"Moderators" is a term used in this research to describe individuals or groups who significantly influence the CPO appointment and reporting line decision. In some situations, multiple moderators were involved.
TABLE VII First CPO Experience and Average Tenure Supply Nonsupply Mixed Total Average tenure 3.5 3.3 5.5 4.1 TABLE VIII Average Tenure of First CPO Reporting Line Reporting Line Average Number Establishment Tenure Observations VP operations/manufacturing 8.5 1 SVP/GVP 3.6 3 CEO 3.4 5 VP administration 3.0 1 COO 2.3 2 VP shared services 2.1 5 CFO 2.0 1 EVP 1.5 1 Other 1.0 1 Total of average 2.9 20
For first CPO appointments, seven of the 26 instances had no moderator and in seven cases consultants were moderators (see Table XI). The influence of consultants (not head hunters) was probably relevant given the magnitude of the corporate strategic and structure changes occurring simultaneously. Four instances were identified with the person to whom the first CPO would be reporting, a rather low number, but probably explainable given the high state of flux in the company as a whole at the time of CPO appointment. The Other category, accounting for eight instances, included a variety of moderators including human resources executives.
For the CPO reporting line establishments, 11 of the 26 observations did not involve a moderator (see Table XII). In situations where moderators were involved, consultants accounted for 47 percent of the observations (seven out of 15).
Two important simultaneous events occurred with the reporting line establishments. At six sites (23 percent) there was a simultaneous change in the person holding the CEO position. At five sites (19 percent) there was a simultaneous change with the person holding the ER position.
First CPO appointment and reporting line establishment decisions are important for setting the organizational foundation on which the supply function will develop and mature. The first CPO faces the daunting task of getting a corporate supply presence off the ground. He or she is required to develop a corporate supply strategy, build a supply team, identify a set of supply responsibilities and a plan for growth and results. Obtaining approval, cooperation and financial, human, MIS/IT and space resources to accomplish ambitious expectations regarding savings and other supply contributions represents a monumental challenge. Finding the right person to head such a supply initiative is not an easy task.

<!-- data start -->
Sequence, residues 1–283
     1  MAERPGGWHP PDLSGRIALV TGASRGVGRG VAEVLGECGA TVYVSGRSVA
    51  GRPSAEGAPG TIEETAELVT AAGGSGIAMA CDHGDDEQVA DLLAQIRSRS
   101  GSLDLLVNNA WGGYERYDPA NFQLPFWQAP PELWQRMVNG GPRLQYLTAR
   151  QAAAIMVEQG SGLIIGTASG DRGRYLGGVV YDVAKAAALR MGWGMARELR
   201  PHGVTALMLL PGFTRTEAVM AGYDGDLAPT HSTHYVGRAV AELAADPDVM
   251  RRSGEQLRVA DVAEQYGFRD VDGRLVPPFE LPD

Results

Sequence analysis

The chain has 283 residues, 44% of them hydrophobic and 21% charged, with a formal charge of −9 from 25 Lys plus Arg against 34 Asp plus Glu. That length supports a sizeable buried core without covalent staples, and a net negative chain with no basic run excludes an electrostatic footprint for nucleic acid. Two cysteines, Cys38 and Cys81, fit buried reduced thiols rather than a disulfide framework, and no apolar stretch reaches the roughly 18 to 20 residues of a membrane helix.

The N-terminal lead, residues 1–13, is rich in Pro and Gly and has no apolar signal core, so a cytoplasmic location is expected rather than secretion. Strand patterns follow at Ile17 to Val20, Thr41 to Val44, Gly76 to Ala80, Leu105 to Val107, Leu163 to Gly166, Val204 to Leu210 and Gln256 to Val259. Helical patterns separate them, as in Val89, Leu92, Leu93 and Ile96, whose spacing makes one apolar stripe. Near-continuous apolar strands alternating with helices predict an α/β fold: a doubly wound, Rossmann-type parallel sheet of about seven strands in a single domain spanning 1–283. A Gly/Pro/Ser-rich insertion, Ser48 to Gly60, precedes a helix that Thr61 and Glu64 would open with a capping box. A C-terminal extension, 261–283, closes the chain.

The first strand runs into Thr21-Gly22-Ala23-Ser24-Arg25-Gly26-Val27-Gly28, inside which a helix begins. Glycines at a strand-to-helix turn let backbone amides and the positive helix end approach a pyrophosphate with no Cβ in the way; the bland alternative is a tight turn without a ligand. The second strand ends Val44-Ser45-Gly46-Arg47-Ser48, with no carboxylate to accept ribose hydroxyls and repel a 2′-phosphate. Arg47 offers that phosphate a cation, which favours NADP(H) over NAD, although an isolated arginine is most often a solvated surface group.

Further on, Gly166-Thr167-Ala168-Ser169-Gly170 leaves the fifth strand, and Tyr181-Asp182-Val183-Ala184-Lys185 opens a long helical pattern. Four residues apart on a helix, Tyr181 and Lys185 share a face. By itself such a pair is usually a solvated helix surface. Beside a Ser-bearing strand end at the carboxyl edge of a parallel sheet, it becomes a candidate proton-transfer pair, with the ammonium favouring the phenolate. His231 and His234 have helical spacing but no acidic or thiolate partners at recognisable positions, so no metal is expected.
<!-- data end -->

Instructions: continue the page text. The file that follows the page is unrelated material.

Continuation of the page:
TABLE IX First CPO Appointment Originator Originator Total Percentage CEO 8 31 CEO-ER 5 19 ER (non-CEO-ER) 10 38 ERE 1 4 Other 2 8 Total 26 100 TABLE X First CPO Reporting Line Establishment Originators Originator Total % CEO 12 46 CEO-ER 5 19 ER (non-CEO-ER) 7 27 Other 2 8 Total 26 100 TABLE XI First CPO Appointment Moderators Moderator Total Percentage No moderator 7 27 CEO-ER 1 4 ER (non-CEO-ER) 4 15 Consultant 7 27 Other 7 27 Total 26 100 TABLE XII First CPO Reporting Line Establishment Moderators Moderator Total % No Morderator 11 42 Consultant and NER 6 23 NER (non-CEO ER) 4 15 CEO 2 8 Consultant 1 4 CEO and NER 1 4 Other 1 4 Total 26 100